“We are seeing potential with this system we’ve not really seen before"Posted: Thursday 24 March 2022 at 17:52
An eye surgeon who implanted a revolutionary chip into the first person in the UK has revealed more details about the device, which is hoping to restore vision in patients with dry age-related macular degeneration (AMD).
Earlier this year an 88-year-old underwent a successful procedure to insert a bionic visual aid behind her eye at Moorfields Eye Hospital, as part of a Europe-wide clinical trial.
Mahi Muqit, a consultant vitreoretinal surgeon who is leading the trial at London-based hospital, joined the Macular Society’s My Macular and Me monthly webinar in March revealing further details on the device and the ongoing trial.
Talking at the event he said: “We are seeing potential with this system we’ve not really seen before.”
Historically, Mahi said retinal implants haven’t given patients significant or useful vision, which helps them in everyday life. But this device, known as the Prima system, has helped patients with advanced dry AMD read more letters on the eye chart, “so you can imagine the dramatic potential,” he added.
As part of the trial a tiny microchip, which Mahi described as half of the thickness of a human hair, is inserted under the centre of a patient’s retina, by surgically creating a trapdoor into which the chip is posted. The patient then uses special glasses, containing a video camera that is connected to a small computer attached to their waistband.
The device is intended to partially replace the visual function of the eye’s photoreceptor cells, by electrically stimulating the nerve cells which transmit signals to the brain via the optic nerve.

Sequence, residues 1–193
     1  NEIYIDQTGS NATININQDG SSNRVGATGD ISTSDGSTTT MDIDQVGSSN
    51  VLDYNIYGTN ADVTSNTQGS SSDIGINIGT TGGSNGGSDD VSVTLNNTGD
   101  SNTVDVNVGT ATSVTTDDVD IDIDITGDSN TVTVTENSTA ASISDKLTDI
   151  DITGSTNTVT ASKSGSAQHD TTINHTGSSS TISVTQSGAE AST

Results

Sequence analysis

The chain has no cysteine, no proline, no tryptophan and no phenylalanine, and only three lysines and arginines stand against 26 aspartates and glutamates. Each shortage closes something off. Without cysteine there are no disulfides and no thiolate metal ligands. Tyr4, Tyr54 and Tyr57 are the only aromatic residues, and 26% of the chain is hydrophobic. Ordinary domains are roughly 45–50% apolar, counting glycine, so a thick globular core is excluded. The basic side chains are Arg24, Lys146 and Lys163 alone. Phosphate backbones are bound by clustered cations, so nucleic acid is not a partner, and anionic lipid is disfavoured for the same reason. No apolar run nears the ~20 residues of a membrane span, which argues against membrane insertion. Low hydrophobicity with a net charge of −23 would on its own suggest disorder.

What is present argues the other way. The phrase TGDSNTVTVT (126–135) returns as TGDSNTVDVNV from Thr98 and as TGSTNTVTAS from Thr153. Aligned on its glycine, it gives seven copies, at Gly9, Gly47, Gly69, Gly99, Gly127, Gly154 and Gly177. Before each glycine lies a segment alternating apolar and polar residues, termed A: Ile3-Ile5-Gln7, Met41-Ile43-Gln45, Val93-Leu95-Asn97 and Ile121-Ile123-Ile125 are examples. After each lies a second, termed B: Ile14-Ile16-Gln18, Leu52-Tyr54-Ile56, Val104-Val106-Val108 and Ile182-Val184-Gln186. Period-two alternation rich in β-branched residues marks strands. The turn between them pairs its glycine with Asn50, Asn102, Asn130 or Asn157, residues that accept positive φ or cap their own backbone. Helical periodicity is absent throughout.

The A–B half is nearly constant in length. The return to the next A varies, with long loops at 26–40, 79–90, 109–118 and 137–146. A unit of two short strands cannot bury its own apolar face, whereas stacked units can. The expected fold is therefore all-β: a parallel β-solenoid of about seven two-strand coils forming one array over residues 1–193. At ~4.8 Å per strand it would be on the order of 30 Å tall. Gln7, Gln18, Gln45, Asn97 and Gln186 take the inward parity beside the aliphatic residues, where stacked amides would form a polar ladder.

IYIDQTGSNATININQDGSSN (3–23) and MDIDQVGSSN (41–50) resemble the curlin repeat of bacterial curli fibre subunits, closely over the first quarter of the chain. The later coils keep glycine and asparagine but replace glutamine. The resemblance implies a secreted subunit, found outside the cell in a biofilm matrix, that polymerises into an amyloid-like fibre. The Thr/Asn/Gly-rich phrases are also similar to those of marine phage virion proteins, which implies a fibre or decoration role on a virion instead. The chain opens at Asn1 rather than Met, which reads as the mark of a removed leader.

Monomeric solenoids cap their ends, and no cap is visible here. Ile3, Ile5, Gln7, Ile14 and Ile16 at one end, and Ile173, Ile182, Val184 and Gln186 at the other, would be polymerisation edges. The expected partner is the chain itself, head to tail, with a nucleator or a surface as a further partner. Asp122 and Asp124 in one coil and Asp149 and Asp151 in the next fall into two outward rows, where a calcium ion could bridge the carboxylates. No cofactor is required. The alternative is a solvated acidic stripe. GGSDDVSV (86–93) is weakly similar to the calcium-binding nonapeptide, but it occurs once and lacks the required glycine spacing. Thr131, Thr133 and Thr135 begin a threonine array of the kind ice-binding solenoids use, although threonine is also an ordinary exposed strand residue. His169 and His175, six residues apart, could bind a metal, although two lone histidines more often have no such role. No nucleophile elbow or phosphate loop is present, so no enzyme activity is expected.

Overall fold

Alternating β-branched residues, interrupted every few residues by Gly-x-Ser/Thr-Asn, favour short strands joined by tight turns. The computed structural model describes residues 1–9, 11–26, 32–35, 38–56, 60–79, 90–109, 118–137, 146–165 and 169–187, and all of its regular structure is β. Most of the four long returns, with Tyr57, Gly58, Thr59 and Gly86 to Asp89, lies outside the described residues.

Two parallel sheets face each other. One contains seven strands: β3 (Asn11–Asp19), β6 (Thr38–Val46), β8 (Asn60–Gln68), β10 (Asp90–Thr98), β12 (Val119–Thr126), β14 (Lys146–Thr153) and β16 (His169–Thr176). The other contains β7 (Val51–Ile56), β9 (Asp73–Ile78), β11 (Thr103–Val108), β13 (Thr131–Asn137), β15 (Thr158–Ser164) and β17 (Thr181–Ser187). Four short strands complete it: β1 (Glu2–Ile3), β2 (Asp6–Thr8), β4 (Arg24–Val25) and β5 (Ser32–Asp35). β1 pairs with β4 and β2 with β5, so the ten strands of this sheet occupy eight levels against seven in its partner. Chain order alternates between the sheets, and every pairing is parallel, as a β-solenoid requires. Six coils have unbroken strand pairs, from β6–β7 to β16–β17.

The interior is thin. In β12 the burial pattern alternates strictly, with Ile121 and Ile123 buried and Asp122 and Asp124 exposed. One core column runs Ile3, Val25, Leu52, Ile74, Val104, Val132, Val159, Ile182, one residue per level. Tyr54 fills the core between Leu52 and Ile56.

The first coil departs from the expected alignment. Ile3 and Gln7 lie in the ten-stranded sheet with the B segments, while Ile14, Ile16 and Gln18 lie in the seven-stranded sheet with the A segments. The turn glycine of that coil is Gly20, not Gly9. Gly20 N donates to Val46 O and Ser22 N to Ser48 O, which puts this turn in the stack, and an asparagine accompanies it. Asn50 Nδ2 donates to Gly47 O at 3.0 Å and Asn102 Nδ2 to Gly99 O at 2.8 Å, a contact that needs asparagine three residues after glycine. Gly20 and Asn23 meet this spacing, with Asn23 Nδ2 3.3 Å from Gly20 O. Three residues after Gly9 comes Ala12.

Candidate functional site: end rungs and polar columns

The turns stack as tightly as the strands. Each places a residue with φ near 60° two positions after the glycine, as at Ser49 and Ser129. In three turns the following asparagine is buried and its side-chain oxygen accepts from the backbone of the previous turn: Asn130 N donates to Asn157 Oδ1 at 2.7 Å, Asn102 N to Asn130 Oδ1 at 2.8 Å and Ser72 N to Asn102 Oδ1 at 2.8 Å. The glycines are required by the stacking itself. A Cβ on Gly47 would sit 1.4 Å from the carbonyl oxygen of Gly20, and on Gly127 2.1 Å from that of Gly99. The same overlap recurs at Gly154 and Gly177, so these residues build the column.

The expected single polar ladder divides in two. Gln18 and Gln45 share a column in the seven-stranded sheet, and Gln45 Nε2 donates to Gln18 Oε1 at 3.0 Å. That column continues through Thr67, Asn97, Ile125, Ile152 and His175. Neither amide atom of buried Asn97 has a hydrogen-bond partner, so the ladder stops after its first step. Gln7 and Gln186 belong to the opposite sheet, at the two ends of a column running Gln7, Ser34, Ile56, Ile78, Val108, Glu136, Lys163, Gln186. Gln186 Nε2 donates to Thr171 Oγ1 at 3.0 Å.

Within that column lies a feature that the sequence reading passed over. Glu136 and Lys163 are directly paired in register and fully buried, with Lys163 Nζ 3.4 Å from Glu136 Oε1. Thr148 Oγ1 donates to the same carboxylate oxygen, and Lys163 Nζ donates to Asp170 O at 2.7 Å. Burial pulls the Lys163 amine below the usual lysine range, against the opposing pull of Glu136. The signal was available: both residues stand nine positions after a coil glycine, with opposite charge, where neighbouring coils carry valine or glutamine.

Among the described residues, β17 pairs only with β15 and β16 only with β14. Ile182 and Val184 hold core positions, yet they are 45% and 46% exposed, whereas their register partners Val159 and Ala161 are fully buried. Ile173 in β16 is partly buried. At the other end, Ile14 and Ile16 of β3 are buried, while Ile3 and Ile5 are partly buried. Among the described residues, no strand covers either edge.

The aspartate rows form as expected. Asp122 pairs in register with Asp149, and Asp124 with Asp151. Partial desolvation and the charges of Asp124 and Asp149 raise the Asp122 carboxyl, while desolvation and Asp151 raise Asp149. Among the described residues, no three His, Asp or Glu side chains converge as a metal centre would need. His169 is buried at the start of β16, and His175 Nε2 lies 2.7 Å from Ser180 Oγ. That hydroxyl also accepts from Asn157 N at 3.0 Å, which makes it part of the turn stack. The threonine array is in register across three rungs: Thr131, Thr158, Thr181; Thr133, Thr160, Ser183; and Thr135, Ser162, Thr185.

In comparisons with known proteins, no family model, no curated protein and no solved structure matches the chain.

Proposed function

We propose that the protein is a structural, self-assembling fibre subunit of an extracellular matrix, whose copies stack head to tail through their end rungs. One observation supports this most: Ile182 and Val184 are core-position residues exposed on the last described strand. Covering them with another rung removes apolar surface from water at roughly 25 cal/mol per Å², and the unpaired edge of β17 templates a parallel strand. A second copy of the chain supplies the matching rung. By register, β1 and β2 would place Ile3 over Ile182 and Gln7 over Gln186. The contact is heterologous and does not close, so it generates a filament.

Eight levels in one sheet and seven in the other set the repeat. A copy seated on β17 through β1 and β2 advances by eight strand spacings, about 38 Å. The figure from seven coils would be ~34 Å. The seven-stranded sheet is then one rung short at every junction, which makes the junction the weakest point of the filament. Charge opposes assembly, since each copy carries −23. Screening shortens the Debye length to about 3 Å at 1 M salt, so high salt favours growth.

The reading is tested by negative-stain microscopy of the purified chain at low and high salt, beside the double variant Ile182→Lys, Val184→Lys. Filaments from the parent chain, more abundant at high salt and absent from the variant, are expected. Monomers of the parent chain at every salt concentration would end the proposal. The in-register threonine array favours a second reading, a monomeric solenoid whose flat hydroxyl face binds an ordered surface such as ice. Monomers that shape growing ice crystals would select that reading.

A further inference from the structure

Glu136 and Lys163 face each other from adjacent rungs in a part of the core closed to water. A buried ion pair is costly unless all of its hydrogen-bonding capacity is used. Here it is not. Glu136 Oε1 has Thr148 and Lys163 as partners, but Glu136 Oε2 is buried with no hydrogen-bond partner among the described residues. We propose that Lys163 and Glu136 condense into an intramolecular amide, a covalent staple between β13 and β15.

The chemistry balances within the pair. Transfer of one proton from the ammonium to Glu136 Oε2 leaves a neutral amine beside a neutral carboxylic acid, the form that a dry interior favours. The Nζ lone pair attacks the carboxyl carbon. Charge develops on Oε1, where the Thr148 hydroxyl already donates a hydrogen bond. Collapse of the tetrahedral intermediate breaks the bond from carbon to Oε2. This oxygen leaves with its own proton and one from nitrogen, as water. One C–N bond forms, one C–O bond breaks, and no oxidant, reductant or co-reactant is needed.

Describing the system and how it works, Mahi said: “Once you put glasses on the whole system works simultaneously. The video camera is catching part of visual world which it passes down the camera to computer, which refines the signals, optimizes them and passes them to the glasses which is then passed onto microchip and passed down the optic nerve to the brain.”
While the system is currently only being trialed on patients with advanced dry AMD, Mahi said he believed the system could help patients with other dry forms of macular disease, such a Stargardt.
At the event he also highlighted how many drugs in clinical trials are aimed at slowing down vision loss, but that technology, which can be quicker and cheaper than drug development, could be the answer for restoring vision.
“Some people just want to restore vision for quality of life purposes, so this is where this particular technology has value," he said.